with excitement. I had been sent their latest night cream – expensive and fabulous – but the real prize was a selection of the forthcoming autumn cosmetics. There was a blusher, a quartet of eyeshadows, a lipstick, a bottle of nail varnish and the best bit of all: a new shade of Juicy Tube. I’ll never forget it!
I made Himself play ‘Lancôme Lady’ with me. Sometimes he’d be the customer coming into the shop enquiring about the new season’s colours and I’d be the Lancôme Lady demonstrating everything for him. Other times I’d be the customer and he’d be the woman behind the counter. We played for many happy hours. I made him. Even when he begged me to stop.
Then my sister came over to share our joy, but when she saw the Juicy Tube things threatened to turn ugly. Especially when she discovered that it wouldn’t be in the shops for another six weeks. ‘I’ll buy it off you now,’ she offered. But no amount of money could have persuaded me to part with it. ‘Don’t make me have to steal it,’ she said gently. So I emailed the girl at Lancôme, telling her the whole sorry story, and guess what? She sent another!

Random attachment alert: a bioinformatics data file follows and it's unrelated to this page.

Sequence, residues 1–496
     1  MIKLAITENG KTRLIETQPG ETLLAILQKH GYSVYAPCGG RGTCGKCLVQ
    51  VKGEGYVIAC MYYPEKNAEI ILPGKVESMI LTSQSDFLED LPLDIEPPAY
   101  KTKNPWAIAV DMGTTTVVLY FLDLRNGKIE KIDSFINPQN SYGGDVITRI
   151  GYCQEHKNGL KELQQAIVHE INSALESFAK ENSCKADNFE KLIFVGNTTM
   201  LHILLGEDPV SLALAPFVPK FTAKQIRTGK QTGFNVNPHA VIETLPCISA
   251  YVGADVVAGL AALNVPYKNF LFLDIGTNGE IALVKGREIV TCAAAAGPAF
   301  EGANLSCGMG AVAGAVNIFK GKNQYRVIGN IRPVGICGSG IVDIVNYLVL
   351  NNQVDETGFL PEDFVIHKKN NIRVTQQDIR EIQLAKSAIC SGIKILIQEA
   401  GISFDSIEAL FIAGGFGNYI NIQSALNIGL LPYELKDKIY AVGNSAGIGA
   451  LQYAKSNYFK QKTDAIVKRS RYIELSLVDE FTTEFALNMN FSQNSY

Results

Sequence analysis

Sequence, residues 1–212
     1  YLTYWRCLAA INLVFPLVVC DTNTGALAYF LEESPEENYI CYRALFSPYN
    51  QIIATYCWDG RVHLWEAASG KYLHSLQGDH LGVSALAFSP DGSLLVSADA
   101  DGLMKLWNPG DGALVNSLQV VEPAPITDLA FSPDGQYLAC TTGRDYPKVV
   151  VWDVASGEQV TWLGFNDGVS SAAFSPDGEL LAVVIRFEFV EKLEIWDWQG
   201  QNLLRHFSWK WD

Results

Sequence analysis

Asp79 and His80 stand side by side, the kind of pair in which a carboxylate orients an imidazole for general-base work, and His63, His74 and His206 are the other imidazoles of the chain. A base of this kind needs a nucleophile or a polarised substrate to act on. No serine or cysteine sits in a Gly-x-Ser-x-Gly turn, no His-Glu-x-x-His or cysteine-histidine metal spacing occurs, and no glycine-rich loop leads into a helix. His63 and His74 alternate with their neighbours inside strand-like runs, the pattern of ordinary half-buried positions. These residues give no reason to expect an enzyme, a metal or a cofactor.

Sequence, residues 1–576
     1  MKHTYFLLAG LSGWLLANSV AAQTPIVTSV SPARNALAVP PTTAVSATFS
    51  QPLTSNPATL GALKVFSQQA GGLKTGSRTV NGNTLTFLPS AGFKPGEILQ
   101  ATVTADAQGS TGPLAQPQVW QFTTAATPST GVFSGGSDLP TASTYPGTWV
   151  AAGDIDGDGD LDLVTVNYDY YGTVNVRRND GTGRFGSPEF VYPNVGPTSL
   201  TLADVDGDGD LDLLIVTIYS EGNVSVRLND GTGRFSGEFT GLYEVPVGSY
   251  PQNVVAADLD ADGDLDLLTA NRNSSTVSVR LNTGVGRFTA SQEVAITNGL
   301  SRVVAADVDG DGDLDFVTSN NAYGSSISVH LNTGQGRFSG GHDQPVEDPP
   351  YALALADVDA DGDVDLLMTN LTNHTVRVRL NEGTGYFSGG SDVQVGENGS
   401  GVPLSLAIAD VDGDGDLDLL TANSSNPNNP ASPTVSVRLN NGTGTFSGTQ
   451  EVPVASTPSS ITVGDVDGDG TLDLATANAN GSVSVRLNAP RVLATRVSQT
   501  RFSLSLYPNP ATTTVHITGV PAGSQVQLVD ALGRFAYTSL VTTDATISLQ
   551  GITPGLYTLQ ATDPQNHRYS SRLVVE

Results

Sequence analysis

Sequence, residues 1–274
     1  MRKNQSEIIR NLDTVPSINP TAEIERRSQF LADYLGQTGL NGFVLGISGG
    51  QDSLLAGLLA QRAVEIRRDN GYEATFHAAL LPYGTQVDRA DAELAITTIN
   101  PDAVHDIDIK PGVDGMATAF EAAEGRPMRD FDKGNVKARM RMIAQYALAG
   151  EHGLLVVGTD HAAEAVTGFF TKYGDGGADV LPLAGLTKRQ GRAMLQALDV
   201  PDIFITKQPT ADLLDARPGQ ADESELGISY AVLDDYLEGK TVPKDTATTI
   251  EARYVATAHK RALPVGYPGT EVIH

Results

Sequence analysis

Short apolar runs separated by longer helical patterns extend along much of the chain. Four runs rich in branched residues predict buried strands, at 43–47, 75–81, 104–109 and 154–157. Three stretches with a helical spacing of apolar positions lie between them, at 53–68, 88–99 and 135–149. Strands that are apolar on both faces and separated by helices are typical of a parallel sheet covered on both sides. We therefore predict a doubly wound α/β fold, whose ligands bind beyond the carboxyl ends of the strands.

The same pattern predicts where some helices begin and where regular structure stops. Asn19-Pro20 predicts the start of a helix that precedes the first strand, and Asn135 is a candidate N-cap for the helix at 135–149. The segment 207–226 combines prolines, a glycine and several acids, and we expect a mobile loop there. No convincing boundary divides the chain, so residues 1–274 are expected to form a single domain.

Two days later, the Clinique lorry arrived, laden with goodies – lipsticks, an all-weather face cream and not just one, but
foundations. Shortly after that the YSL lorry
drew up outside with (what seemed like) most of their new autumn range for me to try.
It was like being in love, I was dizzy, giddy, giggly and my free cosmetics were all I could think about. I arrayed them in a little basket by my bed, so they were the first things I saw when I woke up. Even when I could no longer persuade Himself to play Lancôme Lady (or Clinique Lady or YSL Lady), I played by myself. Sometimes I arranged my products by brand name and other times by body parts (all lip products in one little heap, all skincare in another, etc.).
Every Thursday Himself and myself go to my parents’ house for our dinner, so this particular Thursday I gathered together all my free stuff, brought it with me and spilt it across their kitchen table to be admired. But instead of being dazzled, my mother was anxious: there had to be a catch. Then Dad came in, found the price lists and began to add up the value of all I’d been sent. (Once an accountant, always an accountant.) When he had everything totted up – it came to over three hundred euro – he could scarcely believe his own sums. ‘That,’ he declared, ‘is shagging well ridiculous.’